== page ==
(updated August 25, 2012)
Mini vMac emulates an old Mac Plus on modern systems, including Windows. Setting it up is very easy.
Before getting started, there are a few files that you will need to download:
Download the files above. Install Stuffit for Windows. Extract mini vMac. You will notice that it consists of just one executable file. Place your ROM file in the same directory as the mini vMac executable. The ROM file should be named “vMac.ROM.”
Since you have installed Stuffit for Windows, you can deal with the System 6 files from within Windows. If you did a default install of Stuffit, just right click on “SSW_6.0.8-1.4MB_Disk1of2.sea.bin” and select “Stuffit Archive” and then “Expand Here.” This will produce a file called “SSW 6.0.8-1.4MB Disk1of2.sea.” Now right click on that file and expand it. This will produce a file called “System Startup.” Repeat this procedure on “SSW_6.0.8-1.4MB_Disk1of2.sea.bin” to produce a file called “System Additions.”
(If you opted not to do a default install of Stuffit and don't have contextual menu options, run the “Expander” tool and drag the archives onto the utility. You'll have to do this manually since the archives may not show up as valid if you are browsing for them using the “open” dialog)
Run the vMac Executable. Your Mac should start up and display a blinking question mark displayed against a floppy disk. Drag “System Startup” onto the Mini vMac screen. This should boot the System 6 install disk (see Figure One). Shut down your Macintosh when you are finished exploring (“special” –> “shutdown”).
Extract the archive containing blank disk images that you downloaded at the start of this guide. Look for and extract the file 024M.dsk.
Run the Mini vMac executable and once again drag “System Startup” into the vMac screen. Also drag “024M.dsk” onto the screen. This disk should show up in the Mac OS as a disk called “untitled.”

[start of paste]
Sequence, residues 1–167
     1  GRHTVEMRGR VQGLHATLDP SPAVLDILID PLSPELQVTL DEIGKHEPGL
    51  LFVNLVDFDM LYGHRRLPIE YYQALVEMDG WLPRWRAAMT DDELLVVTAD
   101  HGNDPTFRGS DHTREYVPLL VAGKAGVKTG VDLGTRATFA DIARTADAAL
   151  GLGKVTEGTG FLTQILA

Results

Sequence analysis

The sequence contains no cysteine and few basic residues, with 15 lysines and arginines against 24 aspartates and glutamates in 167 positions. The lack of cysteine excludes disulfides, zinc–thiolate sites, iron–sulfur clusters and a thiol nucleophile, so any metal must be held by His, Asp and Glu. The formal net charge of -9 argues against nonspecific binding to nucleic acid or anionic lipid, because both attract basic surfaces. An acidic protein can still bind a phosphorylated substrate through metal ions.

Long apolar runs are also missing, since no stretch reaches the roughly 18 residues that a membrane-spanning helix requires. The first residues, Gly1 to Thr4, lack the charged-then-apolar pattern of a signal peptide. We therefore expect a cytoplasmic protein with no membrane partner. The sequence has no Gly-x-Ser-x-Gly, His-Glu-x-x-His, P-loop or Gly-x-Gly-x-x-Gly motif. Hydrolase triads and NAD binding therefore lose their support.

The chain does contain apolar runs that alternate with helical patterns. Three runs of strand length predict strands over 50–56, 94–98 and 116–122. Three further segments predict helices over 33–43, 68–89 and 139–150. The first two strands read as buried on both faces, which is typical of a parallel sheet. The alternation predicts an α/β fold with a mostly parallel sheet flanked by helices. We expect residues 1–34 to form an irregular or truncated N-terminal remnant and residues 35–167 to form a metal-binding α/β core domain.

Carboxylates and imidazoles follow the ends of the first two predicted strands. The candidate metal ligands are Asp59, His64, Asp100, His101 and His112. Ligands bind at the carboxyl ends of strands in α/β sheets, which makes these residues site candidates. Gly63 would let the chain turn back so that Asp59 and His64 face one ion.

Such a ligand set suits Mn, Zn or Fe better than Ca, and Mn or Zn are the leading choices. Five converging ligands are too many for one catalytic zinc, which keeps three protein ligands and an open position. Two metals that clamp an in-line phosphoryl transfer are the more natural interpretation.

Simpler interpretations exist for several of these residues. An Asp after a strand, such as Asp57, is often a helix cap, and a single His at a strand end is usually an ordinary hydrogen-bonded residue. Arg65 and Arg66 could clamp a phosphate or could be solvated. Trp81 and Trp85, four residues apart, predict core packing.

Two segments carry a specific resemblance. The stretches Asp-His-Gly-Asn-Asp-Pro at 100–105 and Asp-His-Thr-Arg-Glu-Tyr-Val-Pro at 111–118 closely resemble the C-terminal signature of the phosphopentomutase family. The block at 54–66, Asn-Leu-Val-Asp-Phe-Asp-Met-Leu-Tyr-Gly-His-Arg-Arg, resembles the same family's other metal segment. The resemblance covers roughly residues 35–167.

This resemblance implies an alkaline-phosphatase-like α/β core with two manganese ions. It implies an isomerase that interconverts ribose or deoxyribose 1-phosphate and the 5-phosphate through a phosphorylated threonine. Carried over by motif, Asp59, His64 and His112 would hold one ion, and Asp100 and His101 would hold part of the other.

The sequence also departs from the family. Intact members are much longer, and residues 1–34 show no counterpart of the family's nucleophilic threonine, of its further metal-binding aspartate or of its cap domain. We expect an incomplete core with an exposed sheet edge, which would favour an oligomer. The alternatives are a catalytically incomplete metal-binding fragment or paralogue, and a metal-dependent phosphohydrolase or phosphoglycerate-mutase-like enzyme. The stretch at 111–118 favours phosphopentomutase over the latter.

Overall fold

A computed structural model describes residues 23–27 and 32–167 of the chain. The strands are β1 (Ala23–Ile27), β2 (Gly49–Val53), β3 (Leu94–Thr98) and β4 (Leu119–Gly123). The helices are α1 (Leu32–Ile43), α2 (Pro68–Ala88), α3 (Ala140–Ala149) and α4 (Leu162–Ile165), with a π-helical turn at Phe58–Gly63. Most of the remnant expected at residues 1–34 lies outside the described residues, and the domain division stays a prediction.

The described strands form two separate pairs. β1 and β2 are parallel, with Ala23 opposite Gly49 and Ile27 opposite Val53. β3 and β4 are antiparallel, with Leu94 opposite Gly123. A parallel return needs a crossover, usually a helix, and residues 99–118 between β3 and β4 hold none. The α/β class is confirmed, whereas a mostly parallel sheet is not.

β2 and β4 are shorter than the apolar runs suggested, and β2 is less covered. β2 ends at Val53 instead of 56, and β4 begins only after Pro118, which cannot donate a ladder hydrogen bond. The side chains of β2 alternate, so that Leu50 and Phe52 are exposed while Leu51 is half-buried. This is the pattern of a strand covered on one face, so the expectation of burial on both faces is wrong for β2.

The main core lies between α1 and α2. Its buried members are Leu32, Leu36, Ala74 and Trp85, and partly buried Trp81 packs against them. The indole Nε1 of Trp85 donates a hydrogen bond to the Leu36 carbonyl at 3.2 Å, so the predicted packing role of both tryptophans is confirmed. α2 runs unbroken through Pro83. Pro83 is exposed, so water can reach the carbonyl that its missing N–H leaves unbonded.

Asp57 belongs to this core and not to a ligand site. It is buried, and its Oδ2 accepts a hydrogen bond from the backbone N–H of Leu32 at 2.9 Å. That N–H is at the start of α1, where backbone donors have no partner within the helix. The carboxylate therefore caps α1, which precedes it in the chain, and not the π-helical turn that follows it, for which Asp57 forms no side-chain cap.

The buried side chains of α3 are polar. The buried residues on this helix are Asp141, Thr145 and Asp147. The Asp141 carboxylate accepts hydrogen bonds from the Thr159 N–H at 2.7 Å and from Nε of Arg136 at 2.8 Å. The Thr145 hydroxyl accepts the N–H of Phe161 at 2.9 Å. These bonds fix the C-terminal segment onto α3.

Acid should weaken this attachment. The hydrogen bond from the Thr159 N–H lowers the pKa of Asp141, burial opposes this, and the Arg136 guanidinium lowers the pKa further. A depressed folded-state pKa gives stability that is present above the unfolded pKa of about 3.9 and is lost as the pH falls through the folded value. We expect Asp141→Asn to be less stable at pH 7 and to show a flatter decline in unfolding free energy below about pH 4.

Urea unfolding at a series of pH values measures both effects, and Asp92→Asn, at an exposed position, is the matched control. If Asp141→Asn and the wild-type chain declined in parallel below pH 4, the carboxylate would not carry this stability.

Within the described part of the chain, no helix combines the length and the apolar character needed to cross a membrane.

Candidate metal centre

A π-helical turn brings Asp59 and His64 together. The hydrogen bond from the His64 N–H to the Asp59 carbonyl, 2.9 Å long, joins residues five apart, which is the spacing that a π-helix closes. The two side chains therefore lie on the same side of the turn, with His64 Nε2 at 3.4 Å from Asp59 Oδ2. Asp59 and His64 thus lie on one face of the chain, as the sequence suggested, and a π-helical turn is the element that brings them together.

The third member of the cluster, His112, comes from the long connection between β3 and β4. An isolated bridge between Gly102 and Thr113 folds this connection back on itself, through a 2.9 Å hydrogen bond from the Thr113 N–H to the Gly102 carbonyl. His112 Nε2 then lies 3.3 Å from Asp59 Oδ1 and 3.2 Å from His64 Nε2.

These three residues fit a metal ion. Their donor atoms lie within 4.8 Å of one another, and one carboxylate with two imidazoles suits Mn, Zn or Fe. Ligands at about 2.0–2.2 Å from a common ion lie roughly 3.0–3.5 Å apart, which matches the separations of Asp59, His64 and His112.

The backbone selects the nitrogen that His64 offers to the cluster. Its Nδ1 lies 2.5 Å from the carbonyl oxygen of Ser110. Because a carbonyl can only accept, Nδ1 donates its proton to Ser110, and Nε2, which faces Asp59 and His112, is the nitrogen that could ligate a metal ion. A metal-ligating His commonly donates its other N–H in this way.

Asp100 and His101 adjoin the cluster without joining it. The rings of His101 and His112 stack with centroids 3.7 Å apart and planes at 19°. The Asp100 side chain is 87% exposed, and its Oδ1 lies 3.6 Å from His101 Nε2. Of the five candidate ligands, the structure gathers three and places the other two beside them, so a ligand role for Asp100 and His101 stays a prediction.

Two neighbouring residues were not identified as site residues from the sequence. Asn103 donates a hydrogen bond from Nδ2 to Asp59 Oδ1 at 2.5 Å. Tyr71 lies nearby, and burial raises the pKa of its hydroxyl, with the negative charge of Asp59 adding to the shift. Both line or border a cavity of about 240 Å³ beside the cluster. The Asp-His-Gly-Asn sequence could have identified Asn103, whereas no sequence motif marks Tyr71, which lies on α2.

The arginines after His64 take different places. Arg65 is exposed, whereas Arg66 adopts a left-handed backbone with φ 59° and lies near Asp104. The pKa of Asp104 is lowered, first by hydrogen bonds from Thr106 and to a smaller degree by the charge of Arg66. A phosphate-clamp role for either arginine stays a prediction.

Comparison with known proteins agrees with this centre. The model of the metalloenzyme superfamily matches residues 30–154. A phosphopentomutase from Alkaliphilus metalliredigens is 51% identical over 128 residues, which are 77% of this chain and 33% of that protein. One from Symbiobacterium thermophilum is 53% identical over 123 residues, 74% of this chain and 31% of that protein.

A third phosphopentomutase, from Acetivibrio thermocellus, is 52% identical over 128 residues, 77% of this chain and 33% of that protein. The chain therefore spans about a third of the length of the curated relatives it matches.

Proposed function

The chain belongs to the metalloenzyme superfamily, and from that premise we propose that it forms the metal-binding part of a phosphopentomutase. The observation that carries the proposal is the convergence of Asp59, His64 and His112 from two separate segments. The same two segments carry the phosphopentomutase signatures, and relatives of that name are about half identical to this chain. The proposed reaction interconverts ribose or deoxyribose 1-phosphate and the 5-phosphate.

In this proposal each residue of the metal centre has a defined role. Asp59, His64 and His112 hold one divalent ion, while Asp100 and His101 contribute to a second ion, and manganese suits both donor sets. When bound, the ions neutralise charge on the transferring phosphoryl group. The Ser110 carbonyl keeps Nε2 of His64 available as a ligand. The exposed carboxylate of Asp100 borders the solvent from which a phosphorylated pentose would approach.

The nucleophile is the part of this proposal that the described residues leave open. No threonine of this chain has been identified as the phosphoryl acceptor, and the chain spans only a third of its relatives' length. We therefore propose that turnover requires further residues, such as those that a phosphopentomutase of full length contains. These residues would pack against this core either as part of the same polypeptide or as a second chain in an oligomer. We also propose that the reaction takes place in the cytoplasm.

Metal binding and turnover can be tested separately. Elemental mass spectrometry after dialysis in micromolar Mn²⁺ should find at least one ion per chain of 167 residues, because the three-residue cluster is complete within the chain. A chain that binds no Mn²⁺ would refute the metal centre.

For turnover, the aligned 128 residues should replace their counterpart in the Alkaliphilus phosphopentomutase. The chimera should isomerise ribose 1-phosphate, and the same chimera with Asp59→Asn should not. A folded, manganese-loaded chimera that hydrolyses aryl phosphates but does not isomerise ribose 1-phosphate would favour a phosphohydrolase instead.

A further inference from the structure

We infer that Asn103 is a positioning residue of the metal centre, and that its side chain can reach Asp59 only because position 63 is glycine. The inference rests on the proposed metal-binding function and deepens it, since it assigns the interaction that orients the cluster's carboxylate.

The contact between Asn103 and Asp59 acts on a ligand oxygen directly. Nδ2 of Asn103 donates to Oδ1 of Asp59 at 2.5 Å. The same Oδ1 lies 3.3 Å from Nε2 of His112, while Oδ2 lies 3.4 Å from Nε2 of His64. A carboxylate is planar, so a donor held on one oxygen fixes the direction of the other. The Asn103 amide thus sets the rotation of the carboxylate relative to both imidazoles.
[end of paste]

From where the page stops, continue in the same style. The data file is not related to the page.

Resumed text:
Inside of the Mac OS double click on “System Startup” and then on “Installer” to begin installing the Mac OS. Click “OK” on the first prompt and then “Install” to install System 6 onto “untitled.” When asked for “System Additions” just drag that file from Windows on to the Mini vMac screen as you have done with the other disk images. You will be asked for “System Startup” one more time before installation finishes - just drag the file from Windows to Mini vMac again.
Now you've got a disk image containing System 6 that Mini vMac can boot and that contains plenty of free space for applications. Now you can run the Mini vMac executable and when you see the blinking question mark, you can just drag 024M.dsk onto the screen to boot it. But before we finish, there is one more thing we should do…
Now we are going to install Stuffit Expander, since you will need this application to install stuff on your emulated Mac. We will also learn about HFV Explorer, a tool that will come in handy in the future.
Shut down Mini vMac. Run HFV Explorer by double clicking on the executable. Click “File” —> “Open Volume.” Browse to the 024M.dsk and open it. The disk image should show up at the top of the left hand column, still with the name “untitled.” Now browse your system with HFVExplorer and find the Stuffit Expander 4.0.1 file that you downloaded earlier. Drag it over to the Macintosh disk image. Just click “OK” at the prompt. This will copy Stuffit into your disk image, letting you use it within Mini vMac. Shut down HFV Explorer.
Run Mini vMac again, booting the 024M.dsk. Open the disk and double click on “Stuffit Expander 401 Installer” to install the application. Follow the screen prompts to install the application.
In the future, when you want to install some application in System 6 you should use HFVExplorer to add it to the disk image (just as you did with Stuffit above) and then use Stuffit to expand it.
We're all done! For more help guides and a large list of software applications that work within Mini vMac check out the Official Page. For more help, you should check out my Macintosh Emulation Forum. Big thanks to Paul Pratt for developing Mini vMac and writing Mini vMac's official documentation, from which this guide is adapted. When you are finished playing with vMac, consider setting up Basilisk II, a slightly more robust Macintosh emulator.
I've created some disk images containing lots of old shareware and freeware titles. Find those over at System 6 Hell.